Friday, July 11, 2008

We the People ...


... spent a couple of days in camp along the Illinois river at Pine Flat. Out in the open grassy flat we found the carcass of a bottle rocket that looked recently used. Fear and anger rise. Fear of being trapped by a fire, and anger that someone would take such a high risk over something so foolish. How could anyone be in this charred wilderness and actually consider using fireworks. To any one that would actually think of doing such an insane thing let me say this: Please don't go into the wilderness to shoot off fireworks, please continue to do that only inside your own house, so the damage will be restricted (hopefully) to only your stuff.

I saw a turkey, and a red fox. The red fox made an cranky, angry, loud, scary, run off your enemies, frightful sound. I have never heard a noise like that except maybe the time I heard the racoon lovemaking -- which is ummm ... really noisy. Anyway -- the fox came by the camp during the night to make that same noise while we were sleeping, or so I heard later.


This is Jim wearing the Albert Einstien hat with grass stuffed underneath it to keep the mosquitoes from drilling through the bandana into his head. I'm an advocate of the Albert Einstien hat, which is a bandana with a knot tied in each of the four corners. Any sculptor or physicist will immediate understand how this turns a flat rag into a bowl shaped hat.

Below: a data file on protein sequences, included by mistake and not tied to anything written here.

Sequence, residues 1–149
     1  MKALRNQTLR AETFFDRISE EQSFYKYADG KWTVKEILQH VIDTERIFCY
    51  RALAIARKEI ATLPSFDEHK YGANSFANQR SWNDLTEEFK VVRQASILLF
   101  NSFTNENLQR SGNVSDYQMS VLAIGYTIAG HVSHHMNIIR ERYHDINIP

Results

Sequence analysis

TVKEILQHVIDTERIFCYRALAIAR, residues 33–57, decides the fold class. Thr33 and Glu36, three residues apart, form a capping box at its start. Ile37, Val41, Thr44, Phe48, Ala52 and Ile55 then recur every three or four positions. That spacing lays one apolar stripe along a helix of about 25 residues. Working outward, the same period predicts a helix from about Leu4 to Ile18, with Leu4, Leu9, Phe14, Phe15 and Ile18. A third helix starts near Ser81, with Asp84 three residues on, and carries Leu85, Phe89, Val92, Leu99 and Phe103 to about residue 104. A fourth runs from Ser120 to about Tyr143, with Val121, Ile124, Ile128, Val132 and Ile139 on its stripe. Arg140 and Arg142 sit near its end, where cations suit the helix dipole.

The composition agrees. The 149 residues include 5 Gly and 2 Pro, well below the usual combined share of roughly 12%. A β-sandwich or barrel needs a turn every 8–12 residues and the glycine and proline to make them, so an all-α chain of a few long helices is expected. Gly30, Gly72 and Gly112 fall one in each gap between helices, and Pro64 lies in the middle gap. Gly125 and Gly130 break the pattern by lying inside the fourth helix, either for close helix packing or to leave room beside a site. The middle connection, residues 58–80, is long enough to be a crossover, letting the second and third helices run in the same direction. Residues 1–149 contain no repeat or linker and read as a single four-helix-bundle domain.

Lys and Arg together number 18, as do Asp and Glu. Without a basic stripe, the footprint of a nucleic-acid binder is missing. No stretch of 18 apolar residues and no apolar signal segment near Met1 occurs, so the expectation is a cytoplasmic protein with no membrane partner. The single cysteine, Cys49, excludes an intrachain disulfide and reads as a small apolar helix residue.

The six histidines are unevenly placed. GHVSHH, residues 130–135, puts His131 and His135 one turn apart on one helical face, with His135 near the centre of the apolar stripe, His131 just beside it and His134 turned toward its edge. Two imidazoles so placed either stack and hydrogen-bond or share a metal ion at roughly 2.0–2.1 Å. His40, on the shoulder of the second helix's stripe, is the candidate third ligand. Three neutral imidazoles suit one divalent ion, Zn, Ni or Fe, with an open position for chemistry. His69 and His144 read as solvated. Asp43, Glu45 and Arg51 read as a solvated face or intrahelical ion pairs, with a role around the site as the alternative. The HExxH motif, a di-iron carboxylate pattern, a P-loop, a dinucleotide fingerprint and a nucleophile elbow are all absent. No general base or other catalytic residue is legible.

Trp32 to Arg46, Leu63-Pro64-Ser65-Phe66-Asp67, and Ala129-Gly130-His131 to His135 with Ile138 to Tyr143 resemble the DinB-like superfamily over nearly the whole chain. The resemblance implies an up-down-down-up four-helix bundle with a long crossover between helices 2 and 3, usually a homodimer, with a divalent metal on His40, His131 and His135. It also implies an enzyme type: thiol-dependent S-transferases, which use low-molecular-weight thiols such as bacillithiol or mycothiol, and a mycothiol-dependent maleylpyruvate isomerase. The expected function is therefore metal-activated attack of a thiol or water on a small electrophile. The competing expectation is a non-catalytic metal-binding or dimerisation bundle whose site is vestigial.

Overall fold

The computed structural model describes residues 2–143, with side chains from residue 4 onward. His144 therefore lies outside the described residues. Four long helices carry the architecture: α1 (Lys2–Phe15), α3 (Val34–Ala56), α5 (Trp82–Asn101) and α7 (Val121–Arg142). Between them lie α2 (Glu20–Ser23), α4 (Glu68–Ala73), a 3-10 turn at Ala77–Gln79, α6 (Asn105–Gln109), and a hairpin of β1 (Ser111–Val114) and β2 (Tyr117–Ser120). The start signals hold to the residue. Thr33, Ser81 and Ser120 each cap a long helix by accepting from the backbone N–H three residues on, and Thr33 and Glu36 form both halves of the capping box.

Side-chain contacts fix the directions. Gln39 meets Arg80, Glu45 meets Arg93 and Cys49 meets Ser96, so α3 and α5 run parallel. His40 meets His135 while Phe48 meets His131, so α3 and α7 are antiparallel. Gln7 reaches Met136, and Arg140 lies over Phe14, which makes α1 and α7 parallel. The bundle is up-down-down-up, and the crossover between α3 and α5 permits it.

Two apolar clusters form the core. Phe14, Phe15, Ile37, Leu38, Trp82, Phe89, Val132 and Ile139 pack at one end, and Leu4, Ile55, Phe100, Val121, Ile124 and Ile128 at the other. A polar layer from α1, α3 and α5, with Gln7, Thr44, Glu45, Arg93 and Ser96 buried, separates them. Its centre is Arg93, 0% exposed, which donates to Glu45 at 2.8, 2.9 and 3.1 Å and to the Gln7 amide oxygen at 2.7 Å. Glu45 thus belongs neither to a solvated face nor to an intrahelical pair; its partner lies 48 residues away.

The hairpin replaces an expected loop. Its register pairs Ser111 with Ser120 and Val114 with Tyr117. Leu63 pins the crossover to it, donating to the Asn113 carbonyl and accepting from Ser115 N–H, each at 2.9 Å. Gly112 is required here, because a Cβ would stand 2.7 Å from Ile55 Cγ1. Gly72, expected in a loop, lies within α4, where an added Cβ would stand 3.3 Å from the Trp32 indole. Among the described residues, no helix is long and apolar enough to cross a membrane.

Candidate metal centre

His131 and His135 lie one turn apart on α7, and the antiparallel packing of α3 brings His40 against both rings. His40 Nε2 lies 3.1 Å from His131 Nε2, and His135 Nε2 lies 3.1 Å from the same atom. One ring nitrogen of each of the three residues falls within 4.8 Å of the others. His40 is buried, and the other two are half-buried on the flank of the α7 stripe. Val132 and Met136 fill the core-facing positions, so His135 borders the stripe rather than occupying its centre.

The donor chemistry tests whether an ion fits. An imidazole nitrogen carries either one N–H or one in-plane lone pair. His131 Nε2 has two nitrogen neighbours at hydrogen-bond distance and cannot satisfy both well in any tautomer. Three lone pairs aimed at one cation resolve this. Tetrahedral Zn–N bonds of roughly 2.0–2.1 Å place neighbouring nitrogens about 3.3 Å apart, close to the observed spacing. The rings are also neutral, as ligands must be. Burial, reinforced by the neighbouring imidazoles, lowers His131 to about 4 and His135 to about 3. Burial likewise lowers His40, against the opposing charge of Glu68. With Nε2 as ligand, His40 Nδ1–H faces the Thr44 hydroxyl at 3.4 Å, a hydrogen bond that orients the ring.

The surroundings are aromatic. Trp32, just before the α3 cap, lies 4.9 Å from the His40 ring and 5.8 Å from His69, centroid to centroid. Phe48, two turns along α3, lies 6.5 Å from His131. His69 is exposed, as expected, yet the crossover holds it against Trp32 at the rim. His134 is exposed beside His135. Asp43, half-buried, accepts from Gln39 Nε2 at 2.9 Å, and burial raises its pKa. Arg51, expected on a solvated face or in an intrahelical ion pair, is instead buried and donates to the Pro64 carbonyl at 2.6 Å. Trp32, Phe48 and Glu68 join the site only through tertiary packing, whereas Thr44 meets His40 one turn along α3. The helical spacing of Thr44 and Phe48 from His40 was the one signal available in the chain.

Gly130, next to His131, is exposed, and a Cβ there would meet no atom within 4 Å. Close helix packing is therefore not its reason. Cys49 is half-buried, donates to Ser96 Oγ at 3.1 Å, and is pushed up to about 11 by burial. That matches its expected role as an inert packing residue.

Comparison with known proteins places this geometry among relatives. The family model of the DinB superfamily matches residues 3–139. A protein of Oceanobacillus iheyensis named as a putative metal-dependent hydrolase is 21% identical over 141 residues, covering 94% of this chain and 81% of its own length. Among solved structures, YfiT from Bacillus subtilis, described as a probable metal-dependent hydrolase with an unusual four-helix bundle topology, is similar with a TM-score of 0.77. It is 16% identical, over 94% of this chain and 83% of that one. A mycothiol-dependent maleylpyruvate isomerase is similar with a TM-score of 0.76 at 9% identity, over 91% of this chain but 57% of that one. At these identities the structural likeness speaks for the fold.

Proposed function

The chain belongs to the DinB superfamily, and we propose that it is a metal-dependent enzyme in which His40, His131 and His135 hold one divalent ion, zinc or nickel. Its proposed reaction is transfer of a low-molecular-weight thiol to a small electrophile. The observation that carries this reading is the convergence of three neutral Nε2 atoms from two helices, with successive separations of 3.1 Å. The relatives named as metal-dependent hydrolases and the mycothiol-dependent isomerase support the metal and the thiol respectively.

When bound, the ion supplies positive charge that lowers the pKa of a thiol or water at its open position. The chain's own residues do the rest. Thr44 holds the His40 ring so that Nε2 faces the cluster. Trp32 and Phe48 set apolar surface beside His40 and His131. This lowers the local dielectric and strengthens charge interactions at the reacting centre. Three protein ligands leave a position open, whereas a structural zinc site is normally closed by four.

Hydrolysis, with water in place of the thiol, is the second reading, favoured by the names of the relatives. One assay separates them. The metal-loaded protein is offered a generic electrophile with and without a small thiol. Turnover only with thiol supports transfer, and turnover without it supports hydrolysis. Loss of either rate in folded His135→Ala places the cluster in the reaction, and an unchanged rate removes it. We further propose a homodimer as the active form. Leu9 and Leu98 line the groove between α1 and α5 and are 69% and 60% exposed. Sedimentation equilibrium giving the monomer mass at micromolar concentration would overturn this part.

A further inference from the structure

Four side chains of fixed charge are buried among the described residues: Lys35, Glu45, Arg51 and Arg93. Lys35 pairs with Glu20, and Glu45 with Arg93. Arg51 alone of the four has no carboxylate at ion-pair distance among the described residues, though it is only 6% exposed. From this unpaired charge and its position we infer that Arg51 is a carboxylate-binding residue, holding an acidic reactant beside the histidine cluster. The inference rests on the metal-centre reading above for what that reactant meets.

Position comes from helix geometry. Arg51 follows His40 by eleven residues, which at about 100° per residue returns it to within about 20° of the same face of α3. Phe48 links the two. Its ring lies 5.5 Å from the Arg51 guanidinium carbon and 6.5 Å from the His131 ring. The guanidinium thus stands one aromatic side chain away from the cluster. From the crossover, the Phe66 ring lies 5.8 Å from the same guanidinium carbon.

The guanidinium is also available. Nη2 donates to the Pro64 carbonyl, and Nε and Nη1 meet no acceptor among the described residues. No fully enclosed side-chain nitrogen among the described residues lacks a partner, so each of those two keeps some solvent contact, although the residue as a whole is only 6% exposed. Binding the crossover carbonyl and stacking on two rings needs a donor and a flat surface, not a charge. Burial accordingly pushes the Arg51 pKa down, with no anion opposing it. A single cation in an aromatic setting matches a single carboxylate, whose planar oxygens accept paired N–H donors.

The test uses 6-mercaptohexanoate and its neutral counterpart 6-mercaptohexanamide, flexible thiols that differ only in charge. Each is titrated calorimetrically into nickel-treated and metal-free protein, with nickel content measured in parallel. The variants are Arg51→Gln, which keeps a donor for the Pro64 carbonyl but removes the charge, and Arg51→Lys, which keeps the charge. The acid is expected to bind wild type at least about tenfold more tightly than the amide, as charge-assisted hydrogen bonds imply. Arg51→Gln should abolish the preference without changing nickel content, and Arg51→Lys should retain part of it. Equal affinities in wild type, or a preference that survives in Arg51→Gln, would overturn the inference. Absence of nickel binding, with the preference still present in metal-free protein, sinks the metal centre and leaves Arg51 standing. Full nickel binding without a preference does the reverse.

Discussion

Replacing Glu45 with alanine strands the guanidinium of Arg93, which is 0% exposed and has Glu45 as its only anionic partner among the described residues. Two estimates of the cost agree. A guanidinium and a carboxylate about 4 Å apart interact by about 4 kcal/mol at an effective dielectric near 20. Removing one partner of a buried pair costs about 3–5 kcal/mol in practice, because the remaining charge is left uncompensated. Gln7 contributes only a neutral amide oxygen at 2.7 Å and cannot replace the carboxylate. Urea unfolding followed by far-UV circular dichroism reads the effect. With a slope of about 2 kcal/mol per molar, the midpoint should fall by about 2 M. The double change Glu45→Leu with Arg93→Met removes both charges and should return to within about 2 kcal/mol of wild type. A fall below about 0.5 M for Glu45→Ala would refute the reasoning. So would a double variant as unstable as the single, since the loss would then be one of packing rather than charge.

The Sierra Designs Light Year in camp.

5 comments:

the old bag said...

Great shots -- it's great to get out into the wilderness now and again.

Eclectchick said...

For a second there, I thought Jim was wearing one of those fancy alien deterrent hats.

His isn't quite shiny enuf, tho. Careful - he might be alien fodder.

shawnkielty said...

Aha -- I knew those mosquitos were aliens, just never quite thought of it.

Jonah said...

Looks like the land is recovering pretty well after the fire.

shawnkielty said...

OB -- it is, it is.

Jonah -- The biscuit fire is described here: http://www.fs.fed.us/r6/rogue-siskiyou/biscuit-fire/index.shtml

It was six years ago today. Although many areas look pretty good, some of the old growth forests were complete destroyed.

Those should take a few hundred years to really recover.